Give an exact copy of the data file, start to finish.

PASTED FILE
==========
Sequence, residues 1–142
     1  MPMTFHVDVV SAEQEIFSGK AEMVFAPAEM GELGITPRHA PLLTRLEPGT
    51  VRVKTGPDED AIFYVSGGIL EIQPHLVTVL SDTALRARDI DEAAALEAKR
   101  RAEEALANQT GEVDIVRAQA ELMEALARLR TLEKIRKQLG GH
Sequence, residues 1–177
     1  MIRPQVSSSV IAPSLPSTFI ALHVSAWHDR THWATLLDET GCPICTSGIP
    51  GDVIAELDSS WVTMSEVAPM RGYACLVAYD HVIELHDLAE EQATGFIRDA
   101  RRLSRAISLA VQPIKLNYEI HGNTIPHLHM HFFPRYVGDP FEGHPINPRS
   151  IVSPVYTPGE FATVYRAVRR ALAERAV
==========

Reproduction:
Sequence, residues 1–142
     1  MPMTFHVDVV SAEQEIFSGK AEMVFAPAEM GELGITPRHA PLLTRLEPGT
    51  VRVKTGPDED AIFYVSGGIL EIQPHLVTVL SDTALRARDI DEAAALEAKR
   101  RAEEALANQT GEVDIVRAQA ELMEALARLR TLEKIRKQLG GH
Sequence, residues 1–177
     1  MIRPQVSSSV IAPSLPSTFI ALHVSAWHDR THWATLLDET GCPICTSGIP
    51  GDVIAELDSS WVTMSEVAPM RGYACLVAYD HVIELHDLAE EQATGFIRDA
   101  RRLSRAISLA VQPIKLNYEI HGNTIPHLHM HFFPRYVGDP FEGHPINPRS
   151  IVSPVYTPGE FATVYRAVRR ALAERAV